Wednesday, October 1, 2014

NEWS: California strengthens breach notification and mitigation requirements via OSINT-X Newswires

The wait is over. Governor Jerry Brown signed AB1710 into law yesterday.  The law not only requires “reasonable security procedures and practices appropriate to the nature of the [personal] information” a business owns, licenses, or maintains,  but it also requires identity theft protection and mitigation services under some conditions.

If notification of a breach is required, the law  specifies what must be included in it:

(1) The security breach notification shall be written in plain language.
(2) The security breach notification shall include, at a minimum, the following information:
(A) The name and contact information of the reporting person or business subject to this section.
(B) A list of the types of personal information that were or are reasonably believed to have been the subject of a breach.
(C) If the information is possible to determine at the time the notice is provided, then any of the following: (i) the date of the breach, (ii) the estimated date of the breach, or (iii) the date range within which the breach occurred. The notification shall also include the date of the notice.
(D) Whether notification was delayed as a result of a law enforcement investigation, if that information is possible to determine at the time the notice is provided.
(E) A general description of the breach incident, if that information is possible to determine at the time the notice is provided.
(F) The toll-free telephone numbers and addresses of the major credit reporting agencies if the breach exposed a social security number or a driver’s license or California identification card number.
(G) If the person or business providing the notification was the source of the breach, an offer to provide appropriate identity theft prevention and mitigation services, if any, shall be provided at no cost to the affected person for not less than 12 months, along with all information necessary to take advantage of the offer to any person whose information was or may have been breached if the breach exposed or may have exposed personal information defined in subparagraphs (A) and (B) of paragraph (1) of subdivision (h).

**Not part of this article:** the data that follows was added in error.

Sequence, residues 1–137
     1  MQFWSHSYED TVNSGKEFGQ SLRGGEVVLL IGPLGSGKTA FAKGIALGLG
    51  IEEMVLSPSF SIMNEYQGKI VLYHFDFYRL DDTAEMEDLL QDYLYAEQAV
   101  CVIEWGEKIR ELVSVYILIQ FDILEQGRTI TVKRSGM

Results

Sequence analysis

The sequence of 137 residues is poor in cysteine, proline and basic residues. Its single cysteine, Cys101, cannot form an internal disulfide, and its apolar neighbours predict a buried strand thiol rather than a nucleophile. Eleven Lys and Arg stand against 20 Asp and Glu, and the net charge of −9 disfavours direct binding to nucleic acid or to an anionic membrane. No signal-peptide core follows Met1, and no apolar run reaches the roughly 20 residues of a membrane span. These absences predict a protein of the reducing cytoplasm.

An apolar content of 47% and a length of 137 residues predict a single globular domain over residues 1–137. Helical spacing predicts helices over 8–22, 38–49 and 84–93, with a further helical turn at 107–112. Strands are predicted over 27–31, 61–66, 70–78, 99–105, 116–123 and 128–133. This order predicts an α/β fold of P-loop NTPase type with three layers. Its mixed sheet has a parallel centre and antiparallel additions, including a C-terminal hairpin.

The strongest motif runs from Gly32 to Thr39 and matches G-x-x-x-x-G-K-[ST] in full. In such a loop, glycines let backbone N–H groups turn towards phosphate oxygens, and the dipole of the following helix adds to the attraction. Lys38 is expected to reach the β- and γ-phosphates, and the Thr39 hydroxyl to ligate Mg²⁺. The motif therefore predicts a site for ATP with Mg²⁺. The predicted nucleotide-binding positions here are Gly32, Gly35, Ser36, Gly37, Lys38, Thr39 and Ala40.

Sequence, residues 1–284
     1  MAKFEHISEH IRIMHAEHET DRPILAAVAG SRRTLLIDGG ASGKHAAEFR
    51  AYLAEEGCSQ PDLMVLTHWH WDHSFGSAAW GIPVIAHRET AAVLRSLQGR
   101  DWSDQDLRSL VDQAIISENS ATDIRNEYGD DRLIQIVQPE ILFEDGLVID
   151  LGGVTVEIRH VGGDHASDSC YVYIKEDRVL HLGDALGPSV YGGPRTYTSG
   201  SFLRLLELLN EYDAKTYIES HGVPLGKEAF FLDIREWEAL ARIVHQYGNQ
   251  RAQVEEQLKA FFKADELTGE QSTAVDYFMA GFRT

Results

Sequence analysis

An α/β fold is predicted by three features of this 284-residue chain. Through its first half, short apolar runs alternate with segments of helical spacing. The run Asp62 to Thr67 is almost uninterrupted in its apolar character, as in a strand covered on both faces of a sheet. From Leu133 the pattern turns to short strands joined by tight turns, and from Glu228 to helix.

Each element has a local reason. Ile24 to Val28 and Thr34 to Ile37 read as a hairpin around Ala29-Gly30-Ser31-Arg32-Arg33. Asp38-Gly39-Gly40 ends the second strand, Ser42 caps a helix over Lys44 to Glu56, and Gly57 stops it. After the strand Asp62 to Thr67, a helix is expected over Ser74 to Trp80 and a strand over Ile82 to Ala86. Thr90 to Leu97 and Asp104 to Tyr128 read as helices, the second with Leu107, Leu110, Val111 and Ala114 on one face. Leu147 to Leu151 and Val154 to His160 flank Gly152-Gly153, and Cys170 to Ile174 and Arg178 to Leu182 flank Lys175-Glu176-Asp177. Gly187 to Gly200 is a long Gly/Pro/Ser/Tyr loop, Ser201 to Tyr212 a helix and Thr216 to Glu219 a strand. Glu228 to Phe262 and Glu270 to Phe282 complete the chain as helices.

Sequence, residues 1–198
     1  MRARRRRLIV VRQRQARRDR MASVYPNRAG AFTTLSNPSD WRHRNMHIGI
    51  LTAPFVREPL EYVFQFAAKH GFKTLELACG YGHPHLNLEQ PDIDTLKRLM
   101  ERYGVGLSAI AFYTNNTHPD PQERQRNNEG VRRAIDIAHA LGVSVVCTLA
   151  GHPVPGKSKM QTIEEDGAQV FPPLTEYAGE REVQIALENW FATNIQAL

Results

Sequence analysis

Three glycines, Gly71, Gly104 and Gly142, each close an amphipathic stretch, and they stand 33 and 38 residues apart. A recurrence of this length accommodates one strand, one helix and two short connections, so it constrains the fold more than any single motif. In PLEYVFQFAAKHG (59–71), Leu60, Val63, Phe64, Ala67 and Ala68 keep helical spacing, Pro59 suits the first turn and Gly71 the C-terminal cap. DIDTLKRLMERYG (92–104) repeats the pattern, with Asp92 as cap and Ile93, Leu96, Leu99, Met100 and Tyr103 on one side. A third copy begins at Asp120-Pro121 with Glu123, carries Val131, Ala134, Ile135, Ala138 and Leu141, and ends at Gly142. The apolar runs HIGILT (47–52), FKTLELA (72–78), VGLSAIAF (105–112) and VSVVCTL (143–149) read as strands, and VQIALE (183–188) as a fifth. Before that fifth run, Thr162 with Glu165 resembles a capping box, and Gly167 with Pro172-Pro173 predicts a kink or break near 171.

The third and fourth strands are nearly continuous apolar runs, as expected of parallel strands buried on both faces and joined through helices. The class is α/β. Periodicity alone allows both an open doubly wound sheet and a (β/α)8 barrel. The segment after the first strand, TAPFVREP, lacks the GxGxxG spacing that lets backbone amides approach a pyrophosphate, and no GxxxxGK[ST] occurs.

(3) At the discretion of the person or business, the security breach notification may also include any of the following:
(A) Information about what the person or business has done to protect individuals whose information has been breached.
(B) Advice on steps that the person whose information has been breached may take to protect himself or herself.

(And yes, a lot of what the law requires in terms of notifications is exactly what I’ve been advocating for almost a decade, and I’m delighted to see this).

Not all entities are covered by the law. Exemptions include providers of health care, health care service plans, or contractors regulated by the Confidentiality of Medical Information Act; financial institutions, HIPAA-covered entities, and any business “that is regulated by state or federal law providing greater protection to personal information than that provided by this section in regard to the subjects addressed by this section.”

There’s much more to the new law, and expect to see me posting links to privacy law firms’ analyses and comments. But since the new obligations apply to breaches involving unencrypted information, this might be a useful motivator to finally get around to deploying encryption if you have not done so already.

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